When I take people out night fishing in the summertime, they're usually surprised to see that I fish the shade — even after the sun goes down.
Here in the dead of winter you have to really be on your game to have a great smallmouth trip. In the spring, almost anyone can catch them. They're hungry and aggressive and more vulnerable than any other time of the year. In the fall,
In all of the "ball" sports, when the money is on the line, it's the ability to make the pitch, shoot the basket, sink the putt, or thread the ball between two defenders that separates the men from the boys, the professionals from the amateurs. The same is true for bass fishing, particularly tournament fishing, largely because of the way bass are made.
January is a hardscrabble month for many bassers. The water is cold (where it's not frozen over), and the perception is the fish are in a funk. Most anglers opt for the fireplace hearth over the casting deck as the preferred place to pass time during this first month of the year.
Hump / noun: something that protrudes from a form; in physical geography, a low, rounded rise of ground; in bass fishing terms, an underwater island or section of a lake bottom that rises gradually, signified on topographical maps as contour lines that create a circle or oval shape.
Big fish drive most bass anglers' fantasies, and throughout much of the country, February is the most likely month for catching that lunker of a lifetime. And the most likely place to do so? "Riprap banks," Denny Brauer answers without the least pause for consideration.<br>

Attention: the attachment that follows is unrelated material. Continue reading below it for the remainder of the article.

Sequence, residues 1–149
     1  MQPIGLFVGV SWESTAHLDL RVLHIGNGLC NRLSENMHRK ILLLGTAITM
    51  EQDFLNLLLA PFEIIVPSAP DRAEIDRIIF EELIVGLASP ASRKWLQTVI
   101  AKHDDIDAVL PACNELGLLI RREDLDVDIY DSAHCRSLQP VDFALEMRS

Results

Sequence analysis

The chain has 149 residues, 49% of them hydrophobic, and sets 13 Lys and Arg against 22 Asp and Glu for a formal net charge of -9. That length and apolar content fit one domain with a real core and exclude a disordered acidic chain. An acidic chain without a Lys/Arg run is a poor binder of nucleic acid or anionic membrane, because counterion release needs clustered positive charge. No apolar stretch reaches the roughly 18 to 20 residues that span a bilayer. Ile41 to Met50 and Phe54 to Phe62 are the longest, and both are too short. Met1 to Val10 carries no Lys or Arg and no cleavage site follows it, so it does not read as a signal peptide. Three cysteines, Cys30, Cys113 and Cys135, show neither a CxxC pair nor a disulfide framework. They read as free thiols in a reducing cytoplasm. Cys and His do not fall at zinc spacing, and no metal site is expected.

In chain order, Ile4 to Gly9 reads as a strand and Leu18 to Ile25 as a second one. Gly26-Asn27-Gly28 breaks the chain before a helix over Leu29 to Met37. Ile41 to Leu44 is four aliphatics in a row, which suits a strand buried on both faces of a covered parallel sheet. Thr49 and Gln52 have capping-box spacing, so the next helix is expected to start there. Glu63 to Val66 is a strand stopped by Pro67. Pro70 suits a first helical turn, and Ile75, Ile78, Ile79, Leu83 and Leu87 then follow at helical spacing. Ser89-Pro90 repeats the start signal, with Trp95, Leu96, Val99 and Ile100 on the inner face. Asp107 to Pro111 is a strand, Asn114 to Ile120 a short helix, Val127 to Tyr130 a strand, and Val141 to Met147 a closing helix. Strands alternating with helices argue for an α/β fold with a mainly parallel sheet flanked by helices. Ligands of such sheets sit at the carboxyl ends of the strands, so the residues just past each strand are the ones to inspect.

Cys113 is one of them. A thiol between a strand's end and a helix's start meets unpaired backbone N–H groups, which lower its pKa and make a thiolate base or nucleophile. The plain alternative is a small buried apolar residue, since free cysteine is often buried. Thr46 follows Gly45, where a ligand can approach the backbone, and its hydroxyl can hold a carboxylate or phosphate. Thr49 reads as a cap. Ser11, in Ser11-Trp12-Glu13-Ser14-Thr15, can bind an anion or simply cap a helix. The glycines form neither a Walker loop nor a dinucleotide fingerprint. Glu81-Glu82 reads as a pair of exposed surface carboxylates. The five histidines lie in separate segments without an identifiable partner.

Byron Velvick talks about why he likes to use swimbaits.
A soft plastic body attached to a jighead spinner has been a longtime hit combo for panfish anglers, but the concept has never caught on among the bass pro ranks.
Being a Southern guy and seeing as how I won the Bassmaster Classic flipping a Berkley PowerBait Chigger Craw, most people probably don't associate me with shaky head jigs. For a lot of people, fishing with a shaky head means cooler water, smallmouth fishing, things like that. Sometimes, misconceptions abound.
The postspawn bass in your home lake are on the move and tough to pattern. One thing is for certain: You know the fish are moving from shallow to deep water. Beyond that, postspawn is all about a game of intercepting the movement of fish that generally are not aggressive, coming off the rigors of the spawning cycle itself.